Eleven years ago my youngest son, Lance, had a horrendous automobile crash, flipping over a freeway embankment so fast his car burned and blew up. He was thrown out of the car, and when he was finally found, his body had struck so many trees that every bone in his body was broken or dislocated. He was taken by helicopter to an emergency hospital, and during that time two fist-sized holes were drilled into his head to reduce the pressure on his brain.

I was a good two-hour drive away when I got the call. My two cousins immediately got me into a car and tried to keep me calm until we reached the hospital.

When I arrived at the emergency ward, I was told I could not see my son until a doctor could see me. I waited in the waiting room for over a half hour before going back to his bed without permission. He was not hooked up to any machine, nor was anyone paying him any attention. He was in a far corner of the room, alone, while every other area of the room was a flurry of activity. He was unconscious and had a gauze-like blanket tossed carelessly over him. His body was blue and swollen, and as I reached out to touch him, it felt as cold as ice. I tried to lift his hand, but even with both of my hands I was unable to move his even a fraction. Finally, I pried his fingers apart and was able to hold onto one finger while I reined in my terror and started talking.

Although I didn't know what to say, words kept coming on their own. I told him his mom, father, and cousins were there and that we all loved him. I told him I needed him. I kept repeating the same things over and over.

He had no noticeable pulse. I knew he had to be dead, but I couldn't accept it. I just continued talking, trying to revive my son.

Suddenly after about an hour, I heard a kind of energy or ticking sound that seemed at first to be far away and quickly got closer and closer.

The ticking sound was followed by a gust of icy air, and I heard my son's voice. It was loud and did not come directly from his body but maybe four or five feet away from his bed.

Lance in the hospital.
"Mom! You're here! You're always here, Mom. I love you, Mom." Suddenly I could breathe again. Everyone in the emergency area who heard the voice came running. I stood there almost crying with joy and humility because I'd gotten to see God.

Lance needed complete facial reconstruction. He had a pierced inner eardrum and possible brain damage. He also had a badly injured kneecap that eventually had to be replaced. The biggest fear that his spine might be disconnected. Quickly the tests proved it was about as close to being disconnected as possible and not be so. There was a two-year recovery necessary for this young man, who was just 20 at the time.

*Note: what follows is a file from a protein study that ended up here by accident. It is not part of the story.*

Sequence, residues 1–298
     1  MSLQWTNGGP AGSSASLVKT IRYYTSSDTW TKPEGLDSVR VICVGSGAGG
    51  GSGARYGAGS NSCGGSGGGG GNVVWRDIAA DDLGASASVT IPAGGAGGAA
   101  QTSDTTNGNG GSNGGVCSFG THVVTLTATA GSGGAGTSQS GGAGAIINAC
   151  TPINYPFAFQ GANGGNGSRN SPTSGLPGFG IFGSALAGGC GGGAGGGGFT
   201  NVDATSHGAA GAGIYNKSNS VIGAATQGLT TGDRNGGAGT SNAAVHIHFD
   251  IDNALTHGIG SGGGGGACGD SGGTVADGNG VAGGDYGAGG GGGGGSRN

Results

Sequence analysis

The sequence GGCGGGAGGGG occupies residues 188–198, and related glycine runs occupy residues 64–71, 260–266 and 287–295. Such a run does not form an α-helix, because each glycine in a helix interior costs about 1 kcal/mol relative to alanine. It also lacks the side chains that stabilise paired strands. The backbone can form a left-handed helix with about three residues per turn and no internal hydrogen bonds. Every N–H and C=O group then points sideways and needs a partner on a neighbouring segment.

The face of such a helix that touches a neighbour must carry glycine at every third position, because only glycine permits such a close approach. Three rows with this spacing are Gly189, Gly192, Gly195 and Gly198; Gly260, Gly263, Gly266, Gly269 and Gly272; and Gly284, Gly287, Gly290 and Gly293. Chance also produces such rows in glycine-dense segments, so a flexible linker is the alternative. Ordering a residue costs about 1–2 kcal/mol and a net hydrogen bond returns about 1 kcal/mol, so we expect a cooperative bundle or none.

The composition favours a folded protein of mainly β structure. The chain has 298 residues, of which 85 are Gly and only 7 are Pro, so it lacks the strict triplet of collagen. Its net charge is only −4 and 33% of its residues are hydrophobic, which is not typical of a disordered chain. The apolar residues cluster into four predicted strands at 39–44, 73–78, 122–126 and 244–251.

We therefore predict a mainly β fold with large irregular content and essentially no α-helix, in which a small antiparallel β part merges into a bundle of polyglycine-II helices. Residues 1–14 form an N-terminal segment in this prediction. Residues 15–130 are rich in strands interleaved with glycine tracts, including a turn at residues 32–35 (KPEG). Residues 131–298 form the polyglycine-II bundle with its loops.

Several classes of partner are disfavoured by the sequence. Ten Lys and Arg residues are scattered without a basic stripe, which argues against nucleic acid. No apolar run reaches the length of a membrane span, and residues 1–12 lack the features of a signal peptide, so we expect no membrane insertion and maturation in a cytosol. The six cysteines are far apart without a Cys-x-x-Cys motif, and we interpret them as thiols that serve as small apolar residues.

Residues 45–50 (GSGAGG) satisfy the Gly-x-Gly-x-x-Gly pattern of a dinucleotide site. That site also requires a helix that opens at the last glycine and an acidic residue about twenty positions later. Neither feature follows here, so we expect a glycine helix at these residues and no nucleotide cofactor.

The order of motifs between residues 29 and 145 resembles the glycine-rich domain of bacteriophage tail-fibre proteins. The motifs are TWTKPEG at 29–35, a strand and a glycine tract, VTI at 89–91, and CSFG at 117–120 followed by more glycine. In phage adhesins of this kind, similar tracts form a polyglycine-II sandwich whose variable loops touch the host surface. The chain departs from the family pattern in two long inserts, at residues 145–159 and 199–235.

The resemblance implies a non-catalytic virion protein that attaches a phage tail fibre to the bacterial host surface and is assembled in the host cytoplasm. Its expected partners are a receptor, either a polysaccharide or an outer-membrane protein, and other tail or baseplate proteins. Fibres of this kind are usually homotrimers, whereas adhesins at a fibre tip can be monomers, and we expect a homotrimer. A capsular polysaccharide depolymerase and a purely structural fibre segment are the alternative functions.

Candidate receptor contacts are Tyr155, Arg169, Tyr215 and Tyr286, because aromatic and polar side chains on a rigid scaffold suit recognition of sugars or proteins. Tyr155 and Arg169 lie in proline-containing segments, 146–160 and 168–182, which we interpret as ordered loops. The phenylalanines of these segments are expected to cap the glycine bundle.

My husband and I were in the process of ending a 24-year marriage. A week previously I had had mouth surgery, with several tooth implants removed, leaving my jawbone severely weakened. After many telephone calls to my husband, he finally arrived at the hospital. He had to be driven by his brother, because the day before he had broken his tibia and was unable to walk. While I was wheeling him in to see our son, he suddenly put the brakes on the wheelchair--and the pressure of my pushing against it caused my jawbone to break.

When my son’s two-week hospital stay ended, I took him home, only to discover his behavior had changed drastically. His father had moved out, and we were alone. Lance sometimes wandered the streets late at night, was generally confused and angry—and even talked of burning down the empty houses at the end of the street. I contacted a doctor who specialized in brain injuries and placed Lance into a group home to be observed for four more months. Once a week I continued to drive him back to the hospital for follow-ups on his many surgeries.

My broken jaw made it impossible for me to eat solid foods, and soon my weight dipped from 110 down to 70 pounds. I was physically and emotionally distressed, doing only what was necessary and always in a haze.

Lance today.
The only thing that allowed me to go on during this time was being able to vividly recall the sounds and feelings of the miracle in the emergency ward, which I know was God’s presence. Even now, eleven years later, it is as clear to me as it was then. My doubts were permanently removed.

Lance has no memory of anything that happened until he was well into recovery at the hospital. Today, at 31, he is married and attends college while working a part-time job. He is studying to become a vet technician and may eventually become a veterinarian. He loves animals and wants to help them survive and thrive.

His miracle was the healing of his body, but my miracle was much greater than a mere body, it was a cleansing of my soul.

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